Your Weekly Lesson

Diastasis Recti and Squats

Squats can be safe and helpful, if you do them correctly and you have a solid connection to your core. Keep in mind, as mentioned above, that diastasis is caused (and continues) when we have continuous or repetitive forward, forceful pressure out on the abdominal wall. This pressure is present when we round our back, tuck our tail, hold our breath, brace or bear down, and when we crunch our belly over and over. So if your squat form allows you to keep your pelvis and rib cage in alignment, your spine elongated, and you exhale and engage your core on the effort of the exercise, then squats are great! If you cannot keep this form or you are unsure, then proceed with caution. Sometimes you may need to start with core rehab but other times you might be able to slow down the squat and focus on form. Consider spending some time on neutral active alignments and training yourself to exhale, elongate and engage the core on more upright exercises. This can help you get the necessary coordination before moving into squats as part of your fitness routine.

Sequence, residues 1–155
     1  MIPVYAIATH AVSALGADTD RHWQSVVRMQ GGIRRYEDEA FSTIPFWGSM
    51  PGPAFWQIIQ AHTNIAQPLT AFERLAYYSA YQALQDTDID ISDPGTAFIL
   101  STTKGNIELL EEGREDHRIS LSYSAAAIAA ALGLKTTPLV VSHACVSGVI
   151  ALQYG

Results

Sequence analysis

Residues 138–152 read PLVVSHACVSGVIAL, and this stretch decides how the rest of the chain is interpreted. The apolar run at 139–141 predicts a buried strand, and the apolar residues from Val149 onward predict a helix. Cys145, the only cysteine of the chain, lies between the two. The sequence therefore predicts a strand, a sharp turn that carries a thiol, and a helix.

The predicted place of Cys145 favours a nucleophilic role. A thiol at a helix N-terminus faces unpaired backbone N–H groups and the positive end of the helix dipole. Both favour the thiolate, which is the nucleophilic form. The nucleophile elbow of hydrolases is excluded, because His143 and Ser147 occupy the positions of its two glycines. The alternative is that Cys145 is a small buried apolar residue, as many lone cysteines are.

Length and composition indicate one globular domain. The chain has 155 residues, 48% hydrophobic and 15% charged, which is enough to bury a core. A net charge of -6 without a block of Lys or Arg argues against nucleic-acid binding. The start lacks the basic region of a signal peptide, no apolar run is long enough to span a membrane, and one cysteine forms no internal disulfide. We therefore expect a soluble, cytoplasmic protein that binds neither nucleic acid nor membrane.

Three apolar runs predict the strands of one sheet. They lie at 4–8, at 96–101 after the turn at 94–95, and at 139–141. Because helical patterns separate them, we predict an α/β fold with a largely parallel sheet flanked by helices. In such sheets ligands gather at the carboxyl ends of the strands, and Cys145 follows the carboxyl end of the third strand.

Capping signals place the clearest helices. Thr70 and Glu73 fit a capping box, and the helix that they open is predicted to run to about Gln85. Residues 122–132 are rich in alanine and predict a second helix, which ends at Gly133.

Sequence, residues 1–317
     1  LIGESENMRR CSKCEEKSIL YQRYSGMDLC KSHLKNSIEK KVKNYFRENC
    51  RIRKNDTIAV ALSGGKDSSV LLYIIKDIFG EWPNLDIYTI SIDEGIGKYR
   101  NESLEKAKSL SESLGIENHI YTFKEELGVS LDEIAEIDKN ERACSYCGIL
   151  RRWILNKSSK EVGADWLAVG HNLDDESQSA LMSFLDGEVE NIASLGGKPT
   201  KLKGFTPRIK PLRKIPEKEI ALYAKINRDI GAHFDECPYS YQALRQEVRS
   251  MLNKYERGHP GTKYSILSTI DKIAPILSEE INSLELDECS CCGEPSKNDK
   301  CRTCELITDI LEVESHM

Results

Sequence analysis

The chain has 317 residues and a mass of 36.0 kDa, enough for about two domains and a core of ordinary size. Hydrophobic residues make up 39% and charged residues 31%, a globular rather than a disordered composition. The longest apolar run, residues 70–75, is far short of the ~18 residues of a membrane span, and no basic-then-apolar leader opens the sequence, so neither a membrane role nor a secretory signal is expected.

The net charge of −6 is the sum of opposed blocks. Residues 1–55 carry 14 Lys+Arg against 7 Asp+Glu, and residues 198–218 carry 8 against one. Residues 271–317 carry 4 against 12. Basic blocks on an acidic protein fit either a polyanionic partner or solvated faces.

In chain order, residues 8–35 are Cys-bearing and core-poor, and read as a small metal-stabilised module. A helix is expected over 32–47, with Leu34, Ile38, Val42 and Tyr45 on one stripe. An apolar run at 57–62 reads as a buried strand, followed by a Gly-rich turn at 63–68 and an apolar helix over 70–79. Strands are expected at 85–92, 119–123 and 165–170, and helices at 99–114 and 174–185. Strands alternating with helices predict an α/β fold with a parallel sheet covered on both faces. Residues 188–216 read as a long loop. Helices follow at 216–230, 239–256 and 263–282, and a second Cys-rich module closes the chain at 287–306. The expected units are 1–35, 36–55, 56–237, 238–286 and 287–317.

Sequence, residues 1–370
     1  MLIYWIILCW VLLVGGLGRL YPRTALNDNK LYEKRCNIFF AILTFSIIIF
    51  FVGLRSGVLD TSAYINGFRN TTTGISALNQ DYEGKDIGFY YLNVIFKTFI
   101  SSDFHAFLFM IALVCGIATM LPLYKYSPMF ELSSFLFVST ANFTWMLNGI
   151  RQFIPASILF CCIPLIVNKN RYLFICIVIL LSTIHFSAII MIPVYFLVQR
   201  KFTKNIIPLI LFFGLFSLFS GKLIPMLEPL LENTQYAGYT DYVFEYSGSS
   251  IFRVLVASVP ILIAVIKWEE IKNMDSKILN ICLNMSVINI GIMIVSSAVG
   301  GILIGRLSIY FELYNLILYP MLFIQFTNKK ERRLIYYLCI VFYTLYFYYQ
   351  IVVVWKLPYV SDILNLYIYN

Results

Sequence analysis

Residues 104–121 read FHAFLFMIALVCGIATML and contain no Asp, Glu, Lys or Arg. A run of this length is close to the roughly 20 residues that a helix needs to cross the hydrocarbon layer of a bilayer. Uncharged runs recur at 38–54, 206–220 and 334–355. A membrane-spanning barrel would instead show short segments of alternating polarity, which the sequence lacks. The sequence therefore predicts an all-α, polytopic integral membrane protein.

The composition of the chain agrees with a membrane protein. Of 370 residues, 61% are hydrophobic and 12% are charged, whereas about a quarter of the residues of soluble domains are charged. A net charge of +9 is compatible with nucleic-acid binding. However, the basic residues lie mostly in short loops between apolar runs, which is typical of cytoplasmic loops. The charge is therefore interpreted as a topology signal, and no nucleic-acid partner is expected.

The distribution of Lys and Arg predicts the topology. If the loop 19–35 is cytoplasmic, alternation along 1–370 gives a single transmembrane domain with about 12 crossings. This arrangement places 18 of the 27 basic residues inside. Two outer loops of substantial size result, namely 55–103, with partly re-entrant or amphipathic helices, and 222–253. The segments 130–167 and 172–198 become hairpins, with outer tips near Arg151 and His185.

Release first then choose to squat. Squatting can be a great way to add some strength into your everyday routine. But most of us need to release the hips and strengthen our core first. Look for ways to make your everyday squat with perfect form.